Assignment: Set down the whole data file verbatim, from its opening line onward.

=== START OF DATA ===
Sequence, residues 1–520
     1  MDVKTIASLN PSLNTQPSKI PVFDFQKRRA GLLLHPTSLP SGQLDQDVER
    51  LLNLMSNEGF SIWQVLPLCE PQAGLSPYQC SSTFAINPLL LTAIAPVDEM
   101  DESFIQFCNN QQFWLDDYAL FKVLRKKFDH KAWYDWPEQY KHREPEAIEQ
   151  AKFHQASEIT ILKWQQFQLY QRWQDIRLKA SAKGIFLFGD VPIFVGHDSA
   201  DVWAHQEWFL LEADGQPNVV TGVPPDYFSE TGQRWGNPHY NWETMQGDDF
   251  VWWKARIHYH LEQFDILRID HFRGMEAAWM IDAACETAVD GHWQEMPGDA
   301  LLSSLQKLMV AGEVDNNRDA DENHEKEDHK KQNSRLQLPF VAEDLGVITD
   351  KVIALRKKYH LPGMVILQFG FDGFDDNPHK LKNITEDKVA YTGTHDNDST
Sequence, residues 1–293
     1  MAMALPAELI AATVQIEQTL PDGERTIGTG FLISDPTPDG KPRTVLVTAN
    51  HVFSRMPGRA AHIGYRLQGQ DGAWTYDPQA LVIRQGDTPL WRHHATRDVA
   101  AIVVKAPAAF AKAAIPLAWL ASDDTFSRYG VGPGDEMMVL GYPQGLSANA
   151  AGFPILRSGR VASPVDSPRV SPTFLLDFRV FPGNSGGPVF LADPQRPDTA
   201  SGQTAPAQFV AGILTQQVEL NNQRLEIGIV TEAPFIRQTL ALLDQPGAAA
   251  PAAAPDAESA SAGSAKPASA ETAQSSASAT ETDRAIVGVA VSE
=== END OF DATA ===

Sequence, residues 1–520
     1  MDVKTIASLN PSLNTQPSKI PVFDFQKRRA GLLLHPTSLP SGQLDQDVER
    51  LLNLMSNEGF SIWQVLPLCE PQAGLSPYQC SSTFAINPLL LTAIAPVDEM
   101  DESFIQFCNN QQFWLDDYAL FKVLRKKFDH KAWYDWPEQY KHREPEAIEQ
   151  AKFHQASEIT ILKWQQFQLY QRWQDIRLKA SAKGIFLFGD VPIFVGHDSA
   201  DVWAHQEWFL LEADGQPNVV TGVPPDYFSE TGQRWGNPHY NWETMQGDDF
   251  VWWKARIHYH LEQFDILRID HFRGMEAAWM IDAACETAVD GHWQEMPGDA
   301  LLSSLQKLMV AGEVDNNRDA DENHEKEDHK KQNSRLQLPF VAEDLGVITD
   351  KVIALRKKYH LPGMVILQFG FDGFDDNPHK LKNITEDKVA YTGTHDNDST
Sequence, residues 1–293
     1  MAMALPAELI AATVQIEQTL PDGERTIGTG FLISDPTPDG KPRTVLVTAN
    51  HVFSRMPGRA AHIGYRLQGQ DGAWTYDPQA LVIRQGDTPL WRHHATRDVA
   101  AIVVKAPAAF AKAAIPLAWL ASDDTFSRYG VGPGDEMMVL GYPQGLSANA
   151  AGFPILRSGR VASPVDSPRV SPTFLLDFRV FPGNSGGPVF LADPQRPDTA
   201  SGQTAPAQFV AGILTQQVEL NNQRLEIGIV TEAPFIRQTL ALLDQPGAAA
   251  PAAAPDAESA SAGSAKPASA ETAQSSASAT ETDRAIVGVA VSE